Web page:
Bound and abducted in her own vehicle, Violet Ripken was gone for 12 hours before her disappearance was reported to authorities. And amid an intensive search, she was quietly dropped off by her kidnapper on her secluded Harford County street.
A neighbor, Erik Snyder, 28, was arriving home from an overnight shift at a local warehouse when he saw a woman waving a white sweater out of a car window.
"There's a woman who's tied up in a car down the street," he told nearby officers, who "zoomed over" to free the 74-year-old mother of Baseball Hall of Famer Cal Ripken Jr.
Police are trying to piece together why she was taken — and whether her kidnapper even realized who he had been ferrying around Central Maryland for nearly a day.
According to Gus Kowalewski, 72, a longtime neighbor who spoke to Vi Ripken about the ordeal, the man confronted her in her garage between 7 a.m. and 8 a.m. Tuesday, blindfolded her and forced her into her 1998 Lincoln Town Car at gunpoint. But he also lit cigarettes for her and gave her food. He told her that he wasn't going to hurt her, and he didn't. Baseball and the Ripken name never came up.
"Right now, we can't speak on what the motive is," Aberdeen Police Chief Henry Trabert said at a brief news conference. "We are looking at every witness, every clue."
Her return seems as mysterious as her disappearance. Though police said officers were in the area conducting patrols in marked and unmarked cars, the suspect was able to drive back to her street about 6 a.m. Wednesday, where he parked her car and apparently fled on foot.
Police are searching for a white man in his late 30s to early 40s who was wearing a light-colored shirt, camouflage pants and eyeglasses. Trabert said the suspect is "armed and should be considered dangerous."
Ripken's children include Cal Ripken Jr., the Orioles legend and baseball "Ironman" who holds the streak for the most consecutive games played, and broadcaster and former Orioles second baseman Bill Ripken.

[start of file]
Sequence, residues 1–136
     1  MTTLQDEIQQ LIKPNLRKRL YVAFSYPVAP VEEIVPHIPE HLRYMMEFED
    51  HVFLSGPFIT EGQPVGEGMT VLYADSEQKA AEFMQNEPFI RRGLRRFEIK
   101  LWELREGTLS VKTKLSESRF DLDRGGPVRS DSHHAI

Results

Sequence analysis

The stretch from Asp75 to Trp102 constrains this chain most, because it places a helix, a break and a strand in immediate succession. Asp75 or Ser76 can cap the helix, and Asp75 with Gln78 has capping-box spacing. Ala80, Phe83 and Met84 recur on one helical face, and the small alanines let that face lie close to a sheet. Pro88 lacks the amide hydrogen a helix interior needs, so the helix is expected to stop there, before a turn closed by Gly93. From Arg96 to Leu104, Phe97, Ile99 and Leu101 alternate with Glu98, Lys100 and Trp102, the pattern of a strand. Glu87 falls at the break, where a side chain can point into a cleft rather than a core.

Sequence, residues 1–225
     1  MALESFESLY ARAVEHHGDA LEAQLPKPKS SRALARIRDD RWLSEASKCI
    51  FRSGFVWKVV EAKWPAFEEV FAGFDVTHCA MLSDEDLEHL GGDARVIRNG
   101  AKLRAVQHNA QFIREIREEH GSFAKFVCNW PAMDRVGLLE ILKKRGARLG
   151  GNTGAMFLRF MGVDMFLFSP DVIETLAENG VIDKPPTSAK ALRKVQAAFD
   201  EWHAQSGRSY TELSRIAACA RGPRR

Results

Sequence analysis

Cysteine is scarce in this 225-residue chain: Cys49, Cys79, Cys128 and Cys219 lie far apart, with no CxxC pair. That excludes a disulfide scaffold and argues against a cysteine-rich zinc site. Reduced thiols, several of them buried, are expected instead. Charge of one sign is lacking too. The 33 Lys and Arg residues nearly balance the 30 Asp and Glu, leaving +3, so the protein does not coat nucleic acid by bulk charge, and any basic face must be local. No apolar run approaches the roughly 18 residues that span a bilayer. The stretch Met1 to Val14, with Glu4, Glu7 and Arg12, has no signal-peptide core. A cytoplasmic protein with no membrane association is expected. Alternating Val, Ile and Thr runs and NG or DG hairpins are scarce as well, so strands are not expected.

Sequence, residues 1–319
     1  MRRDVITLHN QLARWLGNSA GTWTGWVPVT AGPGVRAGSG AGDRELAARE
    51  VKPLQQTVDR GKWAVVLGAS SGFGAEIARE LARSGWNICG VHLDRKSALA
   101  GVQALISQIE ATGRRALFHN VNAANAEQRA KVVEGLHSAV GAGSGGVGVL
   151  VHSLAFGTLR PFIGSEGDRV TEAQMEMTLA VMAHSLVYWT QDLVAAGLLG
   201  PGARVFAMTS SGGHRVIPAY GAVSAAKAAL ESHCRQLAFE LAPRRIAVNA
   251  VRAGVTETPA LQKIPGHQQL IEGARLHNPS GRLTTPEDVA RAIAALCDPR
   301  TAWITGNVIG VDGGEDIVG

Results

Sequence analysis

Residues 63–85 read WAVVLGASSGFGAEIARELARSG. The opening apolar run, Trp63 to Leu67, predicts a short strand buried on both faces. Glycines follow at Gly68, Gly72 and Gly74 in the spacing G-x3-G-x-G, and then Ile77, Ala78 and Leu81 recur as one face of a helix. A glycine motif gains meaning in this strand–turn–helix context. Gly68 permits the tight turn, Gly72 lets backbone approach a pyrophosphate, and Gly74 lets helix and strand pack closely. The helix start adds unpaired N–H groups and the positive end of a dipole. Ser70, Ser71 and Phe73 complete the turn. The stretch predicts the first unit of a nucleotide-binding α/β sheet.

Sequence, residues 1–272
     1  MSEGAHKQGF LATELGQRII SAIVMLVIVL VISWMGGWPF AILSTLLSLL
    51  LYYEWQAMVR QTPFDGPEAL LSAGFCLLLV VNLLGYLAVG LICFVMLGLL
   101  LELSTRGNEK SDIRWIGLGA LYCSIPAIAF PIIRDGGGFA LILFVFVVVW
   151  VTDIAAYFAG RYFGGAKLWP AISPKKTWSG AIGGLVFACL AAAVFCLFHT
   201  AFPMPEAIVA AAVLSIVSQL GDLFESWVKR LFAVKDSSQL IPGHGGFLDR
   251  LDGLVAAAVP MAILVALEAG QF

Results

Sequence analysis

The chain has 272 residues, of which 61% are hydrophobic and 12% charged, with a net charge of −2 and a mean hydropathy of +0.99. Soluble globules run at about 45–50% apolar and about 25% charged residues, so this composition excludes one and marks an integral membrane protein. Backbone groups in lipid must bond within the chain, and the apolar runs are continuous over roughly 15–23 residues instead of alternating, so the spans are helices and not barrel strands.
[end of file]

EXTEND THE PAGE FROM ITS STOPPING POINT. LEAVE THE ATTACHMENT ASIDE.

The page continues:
She has lived for more than 46 years in her Clover Street home, where she established roots with her high school sweetheart and husband, Cal Ripken Sr., a former Orioles coach and manager who died in 1999. She has always been a familiar face in the area, doing charity work and watching the minor league IronBirds at Aberdeen's Ripken Stadium, which her family helped build.
In a 1986 interview with The Evening Sun, she explained the importance of Aberdeen to her family. "I hope I never have to move," she said. "Our life simply centers on Aberdeen. It's a small town — my family, our neighbors. ... I don't think money or being a media family will change our lifestyle — we will always be just what we are."
The family, in a statement, expressed relief that she was returned safely.
"This has been a very trying time for our family, but we are grateful and relieved that Mom is back with us, safe and healthy," the statement said. "We want to thank everyone for their tremendous support, especially all of the law enforcement agencies that worked so hard and quickly."
Jerry Bainbridge, a die-hard IronBirds supporter who earned the nickname "IronFan" and tossed out the ceremonial first pitch before this season's home opener, said he was shocked when he learned of the abduction.
"I don't know who would want to do that to her," he said before the team's Wednesday night game. "I've known Vi and the family for years. She's a tough, tough lady."
Ripken told Kowalewski that the man was hiding in her garage and tied her with rope.
"He put a mask on her and told her he just wanted her car and her money, but [that] she was going with him," Kowalewski said. At some point, she could tell that they were driving on the Beltway, but was not sure where else they went.
Police would not say whether the kidnapper took her credit cards.
Relatives and authorities were unaware that Ripken, who lives alone, was missing until Tuesday night, after Baltimore County police received a call about 8:15 p.m. about a suspicious vehicle in the Ebenezer Road area, near White Marsh and the border between Baltimore and Harford counties. Police would not release the 911 call.